A plan for the treatment of Germany after World War II drawn up in 1944 by the influential US secretary of the Treasury Henry Morgenthau Jr. and his advisor Harry D. White.

The plan was extremely harsh, based on the view that all Germans were by nature aggressive and militant, a nature that could only be deterred by completely destroying the German industry and converting the nation into an agrarian society.

Notable details:

  • Germany was to be divided into three parts, two of which were to form separate nations and a third, encompassing the highly industrialized Ruhr region, that would be governed internationally.
  • All industry was to be dismantled and mines to be closed
  • Reparation was to be made in the form of forced labor by Germans.
  • Higher education was to cease for a considerable period of time, until a complete reorganization of education could be organized.
  • Lists of war criminals and members of Nazi organizations were to be drawn up and people on those lists executed without trial upon identification.
It is likely that the plan, had it been fully implemented, would have led to millions of deaths by starvation; even without it, most Germans lived in permanent hunger for years.

Morgenthau, in coalition with Lord Cherwell, an advisor of the British Prime Minister Churchill, pushed the plan at a summit in Quebec on September 15th 1944, and Churchill and President Roosevelt both initially agreed to the plan - Churchill most likely because he wanted certain American concessions that Morgenthau had control over.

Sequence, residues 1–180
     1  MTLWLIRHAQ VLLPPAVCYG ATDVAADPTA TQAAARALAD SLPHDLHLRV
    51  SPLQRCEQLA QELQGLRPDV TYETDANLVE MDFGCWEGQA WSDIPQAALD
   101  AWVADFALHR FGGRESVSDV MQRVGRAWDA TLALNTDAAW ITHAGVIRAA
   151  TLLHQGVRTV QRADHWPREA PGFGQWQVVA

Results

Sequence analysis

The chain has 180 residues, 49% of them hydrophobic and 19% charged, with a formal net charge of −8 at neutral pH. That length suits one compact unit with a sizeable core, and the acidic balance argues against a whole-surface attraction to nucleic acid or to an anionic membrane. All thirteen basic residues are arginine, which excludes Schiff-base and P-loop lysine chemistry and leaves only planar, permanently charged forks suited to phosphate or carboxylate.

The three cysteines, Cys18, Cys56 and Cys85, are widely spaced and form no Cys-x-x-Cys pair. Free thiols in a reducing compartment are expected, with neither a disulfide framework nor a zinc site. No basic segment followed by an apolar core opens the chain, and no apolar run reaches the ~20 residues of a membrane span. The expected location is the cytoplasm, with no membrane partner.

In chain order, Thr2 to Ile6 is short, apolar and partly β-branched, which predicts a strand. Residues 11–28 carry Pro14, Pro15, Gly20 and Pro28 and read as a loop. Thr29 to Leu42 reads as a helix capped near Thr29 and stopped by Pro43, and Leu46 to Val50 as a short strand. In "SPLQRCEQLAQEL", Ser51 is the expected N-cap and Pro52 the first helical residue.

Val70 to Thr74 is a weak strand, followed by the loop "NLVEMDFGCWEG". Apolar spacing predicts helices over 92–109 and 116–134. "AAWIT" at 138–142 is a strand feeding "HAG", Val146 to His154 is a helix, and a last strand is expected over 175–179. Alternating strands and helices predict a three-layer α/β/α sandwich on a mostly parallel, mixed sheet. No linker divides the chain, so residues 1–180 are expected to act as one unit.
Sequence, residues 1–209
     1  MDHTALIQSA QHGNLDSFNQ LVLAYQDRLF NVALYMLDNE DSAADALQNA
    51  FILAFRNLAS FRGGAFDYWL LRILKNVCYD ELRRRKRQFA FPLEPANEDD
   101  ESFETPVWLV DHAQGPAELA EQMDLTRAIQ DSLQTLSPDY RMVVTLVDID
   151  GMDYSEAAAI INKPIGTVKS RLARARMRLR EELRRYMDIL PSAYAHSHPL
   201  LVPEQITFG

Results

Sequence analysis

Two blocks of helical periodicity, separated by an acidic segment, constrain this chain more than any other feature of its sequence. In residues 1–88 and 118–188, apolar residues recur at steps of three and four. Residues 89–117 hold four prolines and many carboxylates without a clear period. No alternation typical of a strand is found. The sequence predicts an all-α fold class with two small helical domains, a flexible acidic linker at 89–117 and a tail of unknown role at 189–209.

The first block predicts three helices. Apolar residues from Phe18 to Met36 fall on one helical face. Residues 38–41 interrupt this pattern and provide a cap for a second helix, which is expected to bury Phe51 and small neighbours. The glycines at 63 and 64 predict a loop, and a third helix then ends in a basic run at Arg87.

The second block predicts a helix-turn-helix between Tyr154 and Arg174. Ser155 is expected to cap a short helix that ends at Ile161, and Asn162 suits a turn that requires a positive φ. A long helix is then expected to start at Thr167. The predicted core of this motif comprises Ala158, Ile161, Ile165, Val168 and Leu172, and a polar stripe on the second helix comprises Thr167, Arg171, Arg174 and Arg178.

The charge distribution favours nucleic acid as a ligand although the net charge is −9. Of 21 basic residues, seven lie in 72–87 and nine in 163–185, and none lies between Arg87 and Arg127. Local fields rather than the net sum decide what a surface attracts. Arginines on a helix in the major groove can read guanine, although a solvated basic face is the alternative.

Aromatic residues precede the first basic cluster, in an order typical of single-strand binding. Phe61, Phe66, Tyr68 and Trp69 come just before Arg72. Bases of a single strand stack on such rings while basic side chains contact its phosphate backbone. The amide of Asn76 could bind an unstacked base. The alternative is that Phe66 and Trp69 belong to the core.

However, both Roosevelt and Churchill backed off after details of the plan were leaked to the press, leading to strong negative publicity. Three years later, with the formulation of the Marshall Plan, the Morgenthau plan was reversed 100 percent. Before that, however, it worked as a great morale boost for Germany's troops, "as good as ten new divisions", Joseph Goebbels put it. And of course, it has been a favourite topic of neo nazis and antisemitists ever since, used to retroactively justify Hitler's view of the Jews as aggressors and enemies of the German people.

On Morgenthau's part, the plan was obviously motivated by bitterness and hatred over the German treatment of Jews, but also by a naively romantic view of agrarian life. However, it was revealed in 1953 that his advisor White, who had had a large part in devising and promoting the plan, was part of a network of communist spies, and had most likely deliberately designed the plan to make Germany an easy prey for Russian influences.

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